Thursday, September 25, 2008
Paul Hostovsky’s poems have been featured on Poetry Daily, Verse Daily, and Garrison Keillor’s Writer’s Almanac, and have been published in Carolina Quarterly, Shenandoah, New Delta Review, Atlanta Review, Poetry East, and many other journals and anthologies. He won the Comstock Review’s Muriel Craft Bailey Award for 2001 and the White Pelican Review’s Hollingsworth Prize in 2005. He has two chapbooks, Bird in the Hand (2006), which won the Grayson Books Poetry Chapbook Competition, and Dusk Outside the Braille Press (2006), winner of the Riverstone Poetry Chapbook Award. He makes his living in Boston as an interpreter at the Massachusetts Commission for the Deaf and Hard of Hearing, where he specializes in working with the deaf-blind. Both of his chapbooks are available for the blind through Bookshare.org.
Paul’s first full-length collection, Bending the Notes, is due out in January 2009 from Main Street Rag. About the collection, Jeffrey Harrison (also an upstreet poet) says: “This book kicks ass. … Equally adept with fixed or not-so-fixed forms as with free-wheeling free verse, Hostovsky shows us, over and over, in language that is always alive, what it is like to be alive.” You may visit Paul at his website.
Wednesday, September 17, 2008
Teenagers from the Future, which includes a foreword by Matt Fraction and an afterword by Barry Lyga, is described by the publisher as follows: “For 50 years, the Legion of Superheroes has occupied its own, vital corner of the DC Universe—and comics fandom. The Legion’s expansive cast, bizarre characters, futuristic setting, extended storylines, and elaborate continuity all set it apart from other superhero comics. This essay collection, from fans and scholars alike, is as diverse as Legion history. Essays examine significant runs (by Jim Shooter, Paul Levitz, & Keith Giffen); the Legion’s science, architecture, and fashion; the role of women, homosexuality, and race; the early Legion’s classical adaptations, teenage cruelty, relation to the early Justice League, and resurrection of Lightning Lad; whether the Legion should be allowed to age; the Amethyst saga; the themes of the reboot Legion; and the so-called Threeboot’s relationship to adult adolescence and generational theory.” Tim Callahan teaches English at Drury High School in North Adams, MA, where he has been voted Teacher of the Year twice. He is the author of Grant Morrison: The Early Years (Sequart, 2007), which explores the unifying themes of Morrison’s early work, providing a close analysis of stylistic and structural techniques. The new, revised edition of this book is available from the publisher. Tim also writes for Back Issue magazine and Comic Book Resources. He lives in Pittsfield with his wife, Judy, and their two children. You may visit him at his blog, geniusboyfiremelon.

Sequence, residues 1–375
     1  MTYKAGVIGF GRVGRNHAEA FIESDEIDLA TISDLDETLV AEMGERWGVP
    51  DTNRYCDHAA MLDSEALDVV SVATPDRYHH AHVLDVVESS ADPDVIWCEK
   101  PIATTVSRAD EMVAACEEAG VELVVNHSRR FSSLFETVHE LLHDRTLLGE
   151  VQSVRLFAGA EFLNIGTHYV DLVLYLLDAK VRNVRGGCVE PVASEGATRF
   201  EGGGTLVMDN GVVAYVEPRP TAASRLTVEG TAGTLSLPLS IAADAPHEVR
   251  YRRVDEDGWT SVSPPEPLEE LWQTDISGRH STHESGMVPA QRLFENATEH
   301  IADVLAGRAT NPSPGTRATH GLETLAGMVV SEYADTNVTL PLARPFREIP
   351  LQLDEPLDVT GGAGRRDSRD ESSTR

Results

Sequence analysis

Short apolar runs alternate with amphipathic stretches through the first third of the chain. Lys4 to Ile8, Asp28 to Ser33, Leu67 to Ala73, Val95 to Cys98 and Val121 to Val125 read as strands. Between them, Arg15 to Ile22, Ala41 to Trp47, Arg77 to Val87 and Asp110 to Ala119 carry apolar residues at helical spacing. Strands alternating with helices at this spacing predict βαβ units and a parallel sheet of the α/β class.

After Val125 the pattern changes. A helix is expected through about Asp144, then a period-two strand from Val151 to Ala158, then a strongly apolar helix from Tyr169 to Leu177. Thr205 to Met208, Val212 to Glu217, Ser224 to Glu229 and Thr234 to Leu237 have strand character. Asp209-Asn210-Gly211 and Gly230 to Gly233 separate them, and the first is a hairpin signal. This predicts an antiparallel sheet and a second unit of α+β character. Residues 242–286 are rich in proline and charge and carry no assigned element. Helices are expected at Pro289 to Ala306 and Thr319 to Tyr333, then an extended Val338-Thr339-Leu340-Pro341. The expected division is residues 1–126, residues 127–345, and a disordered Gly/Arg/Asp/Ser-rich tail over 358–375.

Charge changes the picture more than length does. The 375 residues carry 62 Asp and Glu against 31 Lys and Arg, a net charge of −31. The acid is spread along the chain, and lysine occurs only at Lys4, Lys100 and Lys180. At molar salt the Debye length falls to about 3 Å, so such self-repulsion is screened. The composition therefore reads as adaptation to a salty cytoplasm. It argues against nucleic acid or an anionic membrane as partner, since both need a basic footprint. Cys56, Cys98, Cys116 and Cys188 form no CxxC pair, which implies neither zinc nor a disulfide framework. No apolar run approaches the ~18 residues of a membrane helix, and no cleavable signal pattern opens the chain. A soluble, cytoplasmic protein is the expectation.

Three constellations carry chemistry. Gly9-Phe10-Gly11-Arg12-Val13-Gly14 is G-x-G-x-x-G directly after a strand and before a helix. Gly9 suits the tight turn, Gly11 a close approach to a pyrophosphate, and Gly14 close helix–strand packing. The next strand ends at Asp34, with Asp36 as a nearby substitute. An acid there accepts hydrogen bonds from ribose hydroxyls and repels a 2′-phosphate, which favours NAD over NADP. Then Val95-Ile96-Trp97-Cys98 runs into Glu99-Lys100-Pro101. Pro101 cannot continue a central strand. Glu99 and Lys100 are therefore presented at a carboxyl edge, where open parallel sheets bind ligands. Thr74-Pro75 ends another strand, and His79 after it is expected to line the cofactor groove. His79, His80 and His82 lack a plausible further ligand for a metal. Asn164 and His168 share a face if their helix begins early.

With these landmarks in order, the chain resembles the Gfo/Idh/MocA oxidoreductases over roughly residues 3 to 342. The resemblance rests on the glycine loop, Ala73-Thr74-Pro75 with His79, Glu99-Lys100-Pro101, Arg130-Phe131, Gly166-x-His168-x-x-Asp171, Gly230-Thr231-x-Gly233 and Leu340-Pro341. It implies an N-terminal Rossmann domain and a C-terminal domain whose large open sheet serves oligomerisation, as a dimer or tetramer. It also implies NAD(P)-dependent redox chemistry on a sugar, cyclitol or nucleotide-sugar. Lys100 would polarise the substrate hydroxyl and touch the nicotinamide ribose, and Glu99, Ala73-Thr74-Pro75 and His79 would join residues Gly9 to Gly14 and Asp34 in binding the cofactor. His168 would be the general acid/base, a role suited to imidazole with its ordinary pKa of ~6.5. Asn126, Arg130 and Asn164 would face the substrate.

Tuesday, September 2, 2008
The Submission Manager software was designed and developed by Devin Emke, webmaster for One Story magazine, and is available to other literary journals for a fee through the Council of Literary Magazines and Presses (CLMP). It is very flexible and can be customized to accommodate the ways in which individual journals deal with their submissions. It also keeps a database of all submissions received, which can be sorted and searched in various ways, and generates e-mail messages acknowledging receipt of submissions and notifying submitters whether their work has been accepted or declined.
upstreet is very pleased to be among the users of this time- and labor-saving system. To read our new guidelines, or to submit to upstreet number five, visit our Submission Manager here.